Michelangelo's output was both outstanding and prolific, defying the mores of the day and ultimately challenging others (including Bernini and Borromini) to move away from the Renaissance and Mannerism towards Baroque.
The Artist's Route into Architecture
Michelangelo had absolutely no architectural training, in essence teaching himself how to design buildings and structures in a crash course of the architectural norms of the period. To this end he used the 'Codex Coner'- a compendium of decorative and architectural drawings- making sketches of classical features and motifs. Being Michelangelo though, he then rejected a lot of the traditional process for design and instead created his own.
In an effort to protect his posthumous image and to hide the massive amount of preparation that went into producing his work, just before his death Michelangelo destroyed many of his sketches and letters. As a result the full picture of how he worked to produce designs and structures that challenged the classical perfection of the Renaissance is hard to fully appreciate. Fortunately enough sketches survive to give us a reasonable idea.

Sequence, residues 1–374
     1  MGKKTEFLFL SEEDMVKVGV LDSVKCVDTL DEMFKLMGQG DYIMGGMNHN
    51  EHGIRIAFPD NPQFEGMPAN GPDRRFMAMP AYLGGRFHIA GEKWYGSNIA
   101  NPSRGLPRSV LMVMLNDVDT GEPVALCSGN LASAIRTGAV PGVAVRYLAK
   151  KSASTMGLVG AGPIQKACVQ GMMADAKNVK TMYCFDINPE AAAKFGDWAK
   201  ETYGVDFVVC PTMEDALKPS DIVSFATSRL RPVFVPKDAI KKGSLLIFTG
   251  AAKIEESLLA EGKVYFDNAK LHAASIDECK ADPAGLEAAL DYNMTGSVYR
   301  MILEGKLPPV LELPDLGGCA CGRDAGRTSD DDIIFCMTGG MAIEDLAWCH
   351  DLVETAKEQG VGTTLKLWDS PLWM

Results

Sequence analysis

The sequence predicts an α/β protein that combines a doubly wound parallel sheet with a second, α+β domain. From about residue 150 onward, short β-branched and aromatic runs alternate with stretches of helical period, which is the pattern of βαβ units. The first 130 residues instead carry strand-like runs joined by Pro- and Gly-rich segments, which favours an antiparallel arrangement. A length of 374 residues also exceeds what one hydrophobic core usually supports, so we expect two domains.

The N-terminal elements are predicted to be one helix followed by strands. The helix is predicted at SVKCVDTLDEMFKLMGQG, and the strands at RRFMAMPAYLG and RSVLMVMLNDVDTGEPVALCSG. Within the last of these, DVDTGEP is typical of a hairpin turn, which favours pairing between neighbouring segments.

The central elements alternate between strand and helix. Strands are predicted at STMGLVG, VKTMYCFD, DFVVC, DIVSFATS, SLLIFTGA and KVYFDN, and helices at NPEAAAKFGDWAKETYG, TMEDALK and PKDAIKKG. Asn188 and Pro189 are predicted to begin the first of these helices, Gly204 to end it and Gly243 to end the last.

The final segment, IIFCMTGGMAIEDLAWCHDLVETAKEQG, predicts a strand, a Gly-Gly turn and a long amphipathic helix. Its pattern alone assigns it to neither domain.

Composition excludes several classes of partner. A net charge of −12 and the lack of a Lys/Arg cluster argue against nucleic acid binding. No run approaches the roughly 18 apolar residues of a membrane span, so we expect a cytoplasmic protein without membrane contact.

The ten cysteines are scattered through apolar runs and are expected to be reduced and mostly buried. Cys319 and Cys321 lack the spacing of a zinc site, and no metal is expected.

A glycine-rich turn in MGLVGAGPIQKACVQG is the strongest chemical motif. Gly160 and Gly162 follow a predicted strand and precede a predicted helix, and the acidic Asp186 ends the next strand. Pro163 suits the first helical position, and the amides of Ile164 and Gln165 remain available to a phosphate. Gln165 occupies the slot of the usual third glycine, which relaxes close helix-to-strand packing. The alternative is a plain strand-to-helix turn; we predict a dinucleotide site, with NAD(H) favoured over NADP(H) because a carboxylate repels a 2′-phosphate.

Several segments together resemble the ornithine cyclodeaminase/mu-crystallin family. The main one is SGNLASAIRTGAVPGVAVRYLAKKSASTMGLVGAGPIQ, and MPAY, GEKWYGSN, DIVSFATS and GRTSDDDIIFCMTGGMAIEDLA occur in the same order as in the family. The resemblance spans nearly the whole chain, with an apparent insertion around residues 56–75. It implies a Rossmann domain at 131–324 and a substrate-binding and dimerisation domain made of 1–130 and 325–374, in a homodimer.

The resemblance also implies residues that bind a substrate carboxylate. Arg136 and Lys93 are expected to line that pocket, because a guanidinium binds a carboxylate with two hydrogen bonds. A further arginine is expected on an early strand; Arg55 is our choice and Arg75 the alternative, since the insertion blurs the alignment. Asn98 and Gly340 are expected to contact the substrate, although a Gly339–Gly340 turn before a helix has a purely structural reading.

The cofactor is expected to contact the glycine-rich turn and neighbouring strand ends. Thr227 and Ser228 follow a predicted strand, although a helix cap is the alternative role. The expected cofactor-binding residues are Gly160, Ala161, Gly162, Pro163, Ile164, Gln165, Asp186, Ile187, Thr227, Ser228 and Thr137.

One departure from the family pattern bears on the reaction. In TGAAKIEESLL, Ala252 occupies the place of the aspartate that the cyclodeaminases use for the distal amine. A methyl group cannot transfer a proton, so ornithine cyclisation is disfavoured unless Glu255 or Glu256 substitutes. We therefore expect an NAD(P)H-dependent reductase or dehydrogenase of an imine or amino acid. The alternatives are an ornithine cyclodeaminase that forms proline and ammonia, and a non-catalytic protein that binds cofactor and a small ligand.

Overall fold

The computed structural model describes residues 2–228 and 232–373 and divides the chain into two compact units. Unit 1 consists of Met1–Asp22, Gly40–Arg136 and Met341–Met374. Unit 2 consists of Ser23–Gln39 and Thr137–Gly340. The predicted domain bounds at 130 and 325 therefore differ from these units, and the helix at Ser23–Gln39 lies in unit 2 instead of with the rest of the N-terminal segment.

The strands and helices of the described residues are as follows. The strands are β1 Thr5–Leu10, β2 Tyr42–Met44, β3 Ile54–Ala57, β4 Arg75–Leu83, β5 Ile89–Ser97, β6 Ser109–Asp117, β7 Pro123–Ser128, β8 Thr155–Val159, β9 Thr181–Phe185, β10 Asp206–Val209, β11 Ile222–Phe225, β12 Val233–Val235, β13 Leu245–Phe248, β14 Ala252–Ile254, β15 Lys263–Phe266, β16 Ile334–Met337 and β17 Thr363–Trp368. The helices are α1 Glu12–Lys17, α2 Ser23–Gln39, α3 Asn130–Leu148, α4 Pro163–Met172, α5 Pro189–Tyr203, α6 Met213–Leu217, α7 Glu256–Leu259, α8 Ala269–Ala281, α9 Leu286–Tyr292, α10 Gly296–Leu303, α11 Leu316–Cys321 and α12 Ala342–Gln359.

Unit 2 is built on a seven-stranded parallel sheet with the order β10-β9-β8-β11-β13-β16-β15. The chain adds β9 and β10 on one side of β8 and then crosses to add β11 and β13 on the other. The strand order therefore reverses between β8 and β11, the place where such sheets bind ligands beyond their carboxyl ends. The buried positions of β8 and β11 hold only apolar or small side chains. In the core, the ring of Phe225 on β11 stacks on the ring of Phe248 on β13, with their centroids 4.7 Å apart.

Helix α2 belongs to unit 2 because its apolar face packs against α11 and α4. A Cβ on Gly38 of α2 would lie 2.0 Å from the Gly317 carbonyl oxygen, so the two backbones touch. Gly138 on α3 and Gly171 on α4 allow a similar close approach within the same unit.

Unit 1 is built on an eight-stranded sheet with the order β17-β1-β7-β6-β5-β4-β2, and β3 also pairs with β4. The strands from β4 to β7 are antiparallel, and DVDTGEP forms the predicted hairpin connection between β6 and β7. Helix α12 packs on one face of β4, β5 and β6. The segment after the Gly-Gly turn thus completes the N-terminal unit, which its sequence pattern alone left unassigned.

The Architectural Technique of Michelangelo
The result was a very unusual method, based around his ideas of artistic composition. He believed that an understanding of the human body was necessary for successful architectural design and approached the planning of a structure much as if he were preparing a new sculpture.
Ultimately Michelangelo adapted the processes he already used as a sculptor and artist and fitted them to his meet needs as an architect.
As a sculptor his work has a multi-dimensional aspect, meaning that it can be viewed from any angle, there is no wrong vantage point from which to study it. This he replicated in his planning of architectural work.
Whereas architects of the day produced a first 'idea' sketch and then developed this in more detailed sketches on separate sheets of paper, Michelangelo produced a first sketch and then layered again and again on top of this (on the same sheet of paper) his detailed sketches.